Heart attacks among cigarette smokers may have less to do with tobacco than genetics. A common defect in a gene controlling cholesterol metabolism boosts smokers’ risk of an early heart attack, according to a new study in Annals of Noninvasive Electrocardiology. The findings also show that smokers without the defect normally have heart attacks no sooner than their non-smoking peers.
Although the link between smoking and heart disease was established decades ago, the reasons for that link were unclear. More recent studies suggest smoking interferes with cholesterol metabolism, lowering smokers’ levels of high-density lipoprotein, the good cholesterol that protects against heart-attack risk. An estimated 55 to 60 percent of smokers face the added risk of a defective gene that also lowers levels of the protective high-density lipoprotein. Therefore, the combination of smoking plus a defective gene substantially accentuates the risk of heart attacks in these patients.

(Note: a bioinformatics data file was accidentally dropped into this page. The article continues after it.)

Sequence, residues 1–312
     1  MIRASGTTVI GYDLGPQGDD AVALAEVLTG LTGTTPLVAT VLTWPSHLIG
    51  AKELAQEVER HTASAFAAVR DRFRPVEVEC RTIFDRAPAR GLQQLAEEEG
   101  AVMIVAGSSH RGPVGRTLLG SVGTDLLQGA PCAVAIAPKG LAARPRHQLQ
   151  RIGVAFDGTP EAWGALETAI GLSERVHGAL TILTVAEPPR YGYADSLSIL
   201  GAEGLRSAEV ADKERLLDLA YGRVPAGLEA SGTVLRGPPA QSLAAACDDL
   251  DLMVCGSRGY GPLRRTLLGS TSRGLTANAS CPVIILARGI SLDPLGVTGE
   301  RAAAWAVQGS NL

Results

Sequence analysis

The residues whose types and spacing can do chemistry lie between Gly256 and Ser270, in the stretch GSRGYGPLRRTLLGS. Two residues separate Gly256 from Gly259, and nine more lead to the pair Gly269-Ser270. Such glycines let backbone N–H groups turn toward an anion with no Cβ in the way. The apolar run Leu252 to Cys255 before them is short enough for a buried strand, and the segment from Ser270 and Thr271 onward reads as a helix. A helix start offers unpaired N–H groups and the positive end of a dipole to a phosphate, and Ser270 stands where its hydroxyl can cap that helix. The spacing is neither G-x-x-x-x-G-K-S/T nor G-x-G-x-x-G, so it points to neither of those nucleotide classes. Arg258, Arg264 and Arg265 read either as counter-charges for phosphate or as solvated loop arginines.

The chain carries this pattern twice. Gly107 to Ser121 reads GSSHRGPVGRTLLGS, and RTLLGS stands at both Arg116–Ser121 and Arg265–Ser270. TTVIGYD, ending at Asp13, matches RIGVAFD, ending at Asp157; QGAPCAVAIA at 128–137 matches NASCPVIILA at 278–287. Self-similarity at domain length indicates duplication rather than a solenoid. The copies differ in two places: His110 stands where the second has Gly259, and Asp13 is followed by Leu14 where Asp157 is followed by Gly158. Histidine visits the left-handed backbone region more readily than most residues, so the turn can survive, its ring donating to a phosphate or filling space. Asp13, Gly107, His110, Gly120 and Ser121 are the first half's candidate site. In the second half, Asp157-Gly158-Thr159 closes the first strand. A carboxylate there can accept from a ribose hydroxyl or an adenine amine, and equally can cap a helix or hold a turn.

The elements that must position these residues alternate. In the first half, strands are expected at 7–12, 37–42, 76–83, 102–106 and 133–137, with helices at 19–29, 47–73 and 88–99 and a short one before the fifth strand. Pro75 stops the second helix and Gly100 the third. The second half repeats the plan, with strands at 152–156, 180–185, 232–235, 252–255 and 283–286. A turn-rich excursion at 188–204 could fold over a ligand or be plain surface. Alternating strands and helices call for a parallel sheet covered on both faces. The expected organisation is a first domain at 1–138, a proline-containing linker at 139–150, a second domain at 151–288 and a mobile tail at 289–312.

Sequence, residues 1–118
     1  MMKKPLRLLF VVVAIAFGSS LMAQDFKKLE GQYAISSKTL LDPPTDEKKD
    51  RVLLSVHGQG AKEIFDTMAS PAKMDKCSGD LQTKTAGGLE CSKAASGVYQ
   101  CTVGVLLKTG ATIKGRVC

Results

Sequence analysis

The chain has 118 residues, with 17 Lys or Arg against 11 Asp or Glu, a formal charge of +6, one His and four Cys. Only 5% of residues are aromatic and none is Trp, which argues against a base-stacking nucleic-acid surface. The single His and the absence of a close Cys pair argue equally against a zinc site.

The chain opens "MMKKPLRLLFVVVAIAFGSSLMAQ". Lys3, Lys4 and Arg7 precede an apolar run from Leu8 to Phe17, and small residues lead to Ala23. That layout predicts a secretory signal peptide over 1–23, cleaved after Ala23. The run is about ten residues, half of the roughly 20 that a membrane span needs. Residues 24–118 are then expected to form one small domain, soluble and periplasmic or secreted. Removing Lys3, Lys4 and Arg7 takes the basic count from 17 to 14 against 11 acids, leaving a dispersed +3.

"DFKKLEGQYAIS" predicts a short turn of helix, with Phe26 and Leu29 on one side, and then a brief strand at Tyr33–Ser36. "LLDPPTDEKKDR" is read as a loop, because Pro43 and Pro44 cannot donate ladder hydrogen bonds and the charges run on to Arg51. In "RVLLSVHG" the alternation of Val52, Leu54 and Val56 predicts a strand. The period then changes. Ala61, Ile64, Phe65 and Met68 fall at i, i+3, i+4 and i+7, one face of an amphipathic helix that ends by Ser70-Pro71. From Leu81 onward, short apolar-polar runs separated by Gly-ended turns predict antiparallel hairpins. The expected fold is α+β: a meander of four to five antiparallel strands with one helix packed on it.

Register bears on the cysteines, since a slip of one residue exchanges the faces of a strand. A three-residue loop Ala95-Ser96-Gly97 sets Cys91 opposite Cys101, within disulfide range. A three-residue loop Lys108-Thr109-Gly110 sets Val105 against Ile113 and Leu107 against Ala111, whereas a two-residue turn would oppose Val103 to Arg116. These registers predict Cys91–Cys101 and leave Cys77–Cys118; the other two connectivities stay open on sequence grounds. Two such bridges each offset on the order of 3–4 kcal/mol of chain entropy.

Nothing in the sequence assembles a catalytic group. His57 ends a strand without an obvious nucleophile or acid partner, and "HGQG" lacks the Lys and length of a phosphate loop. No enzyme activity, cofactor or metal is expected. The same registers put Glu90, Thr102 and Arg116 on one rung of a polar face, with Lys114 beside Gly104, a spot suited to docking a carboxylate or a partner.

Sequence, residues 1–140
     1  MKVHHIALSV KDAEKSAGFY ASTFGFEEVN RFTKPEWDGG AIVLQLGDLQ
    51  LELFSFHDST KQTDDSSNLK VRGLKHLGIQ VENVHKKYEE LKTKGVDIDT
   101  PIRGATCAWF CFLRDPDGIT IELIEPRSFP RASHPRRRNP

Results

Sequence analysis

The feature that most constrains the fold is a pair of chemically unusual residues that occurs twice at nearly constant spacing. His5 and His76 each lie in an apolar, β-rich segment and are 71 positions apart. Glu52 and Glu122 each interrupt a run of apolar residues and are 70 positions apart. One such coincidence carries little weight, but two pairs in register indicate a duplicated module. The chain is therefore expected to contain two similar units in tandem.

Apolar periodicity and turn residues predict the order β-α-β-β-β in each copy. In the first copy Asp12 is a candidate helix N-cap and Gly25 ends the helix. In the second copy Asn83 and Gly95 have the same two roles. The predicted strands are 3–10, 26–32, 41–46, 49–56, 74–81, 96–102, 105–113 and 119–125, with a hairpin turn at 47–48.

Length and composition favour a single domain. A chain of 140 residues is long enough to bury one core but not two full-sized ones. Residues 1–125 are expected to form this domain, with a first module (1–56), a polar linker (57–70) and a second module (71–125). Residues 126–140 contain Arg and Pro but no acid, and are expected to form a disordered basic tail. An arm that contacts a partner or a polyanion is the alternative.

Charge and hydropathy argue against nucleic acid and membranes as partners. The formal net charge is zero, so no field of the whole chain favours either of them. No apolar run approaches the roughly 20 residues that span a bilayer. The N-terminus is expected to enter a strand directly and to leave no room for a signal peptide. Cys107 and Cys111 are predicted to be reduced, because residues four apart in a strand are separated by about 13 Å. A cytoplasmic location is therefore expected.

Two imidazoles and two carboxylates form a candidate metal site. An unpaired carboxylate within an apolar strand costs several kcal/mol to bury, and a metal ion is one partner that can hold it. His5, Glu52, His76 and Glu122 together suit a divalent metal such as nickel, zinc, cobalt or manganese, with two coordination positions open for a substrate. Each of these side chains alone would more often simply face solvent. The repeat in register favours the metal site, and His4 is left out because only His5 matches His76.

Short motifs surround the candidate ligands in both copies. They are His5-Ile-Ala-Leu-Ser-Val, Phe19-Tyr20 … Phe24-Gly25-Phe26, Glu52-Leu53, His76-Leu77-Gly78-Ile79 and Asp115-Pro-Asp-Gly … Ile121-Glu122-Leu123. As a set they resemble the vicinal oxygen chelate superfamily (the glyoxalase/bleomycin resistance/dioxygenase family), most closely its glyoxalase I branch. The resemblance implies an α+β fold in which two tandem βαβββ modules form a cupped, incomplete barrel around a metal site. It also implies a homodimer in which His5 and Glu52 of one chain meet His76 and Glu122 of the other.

Researcher Ilan Goldenberg, M.D., and colleagues were the first to evaluate both smoking history and the genetic trait in heart-attack patients. They found that smokers with the genetic defect had their first heart attack eight to nine years earlier than non-smokers. Smokers with a healthy version of the gene had their first heart attack only three years earlier than non-smokers, a difference the researchers considered non-significant.
“Since the frequency of this ‘bad’ gene in the general population is about 60 percent, many people who smoke have a high risk of experiencing a heart attack at a young age,” Goldenberg said. “This finding should increase awareness for smoking cessation.”
Ilan Goldenberg, M.D., is a Research Associate Professor in the Cardiology Unit of the University of Rochester Medical Center’s Department of Medicine and the Heart Institute and Neufeld Research Institute at Sheba Medical Center in Tel Hashomer, Israel.